Incredibly well-preserved ancient beetle dubbed Attenborough's Beauty

It's not uncommon for scientists to gather fossils and other objects of interest only to have the items left uninvestigated for many years. That is exactly what happened to a unique and extremely well-preserved frog-legged beetle fossil that has been on display at the Denver Museum of Nature & Science for decades. Despite the fossil being on display for years, it has only recently been investigated and determined to be a new species of frog-legged beetle.

The fossil has been on display in the museum's Prehistoric Journey exhibition since the exhibition opened in 1995. It was discovered in the Green River Formation in Garfield County, Colorado. The fossilized beetle was alive 49 million years ago and is so well-preserved you can see the patterns on its wing casings. Researchers dubbed the newly discovered species "Pulchritudo attenboroughi" or "Attenborough's Beauty."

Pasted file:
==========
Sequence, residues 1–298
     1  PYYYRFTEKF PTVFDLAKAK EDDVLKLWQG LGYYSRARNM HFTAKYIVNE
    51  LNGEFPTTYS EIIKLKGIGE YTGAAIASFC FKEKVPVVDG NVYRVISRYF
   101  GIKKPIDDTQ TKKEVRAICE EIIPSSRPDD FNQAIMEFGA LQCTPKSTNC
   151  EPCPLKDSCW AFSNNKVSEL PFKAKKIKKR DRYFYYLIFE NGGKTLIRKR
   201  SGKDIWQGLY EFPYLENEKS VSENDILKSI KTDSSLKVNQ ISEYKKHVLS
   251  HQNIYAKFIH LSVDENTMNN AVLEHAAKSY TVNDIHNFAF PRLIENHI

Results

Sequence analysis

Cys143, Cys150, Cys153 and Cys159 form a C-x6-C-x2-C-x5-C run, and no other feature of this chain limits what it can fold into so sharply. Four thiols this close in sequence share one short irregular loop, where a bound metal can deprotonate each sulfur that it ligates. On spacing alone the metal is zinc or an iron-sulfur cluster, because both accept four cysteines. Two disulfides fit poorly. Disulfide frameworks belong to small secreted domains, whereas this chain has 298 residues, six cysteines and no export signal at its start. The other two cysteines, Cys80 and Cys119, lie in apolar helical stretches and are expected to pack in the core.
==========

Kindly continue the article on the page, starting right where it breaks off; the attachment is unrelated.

The Beetle was named in honor of Sir David Attenborough. It's rare to have such an incredibly well-preserved beetle in the fossil record. While they are robust when alive, they don't easily fossilize as a whole beetle. When beetles die on water, they float. Eventually, they sink, reaching the sediment, where they often fall apart.

Scientists typically find a single wing case in the fossil record. However, some deposits with fine-grain sediments are particularly good at preserving beetles, often resulting in nearly complete fossils. Deposits of that type are known as lagerst├Ątten, and the Eocene Green River Formation located in northwest Colorado, where the specimen was found, is one of them.

Researchers note that identifying the species of beetle was a challenge. It was labeled as a longhorn beetle in the exhibition display but had features that didn't match up. Researchers say ultimately, the crooked legs of the beetle are what gave away its identity as a frog-legged leaf beetle.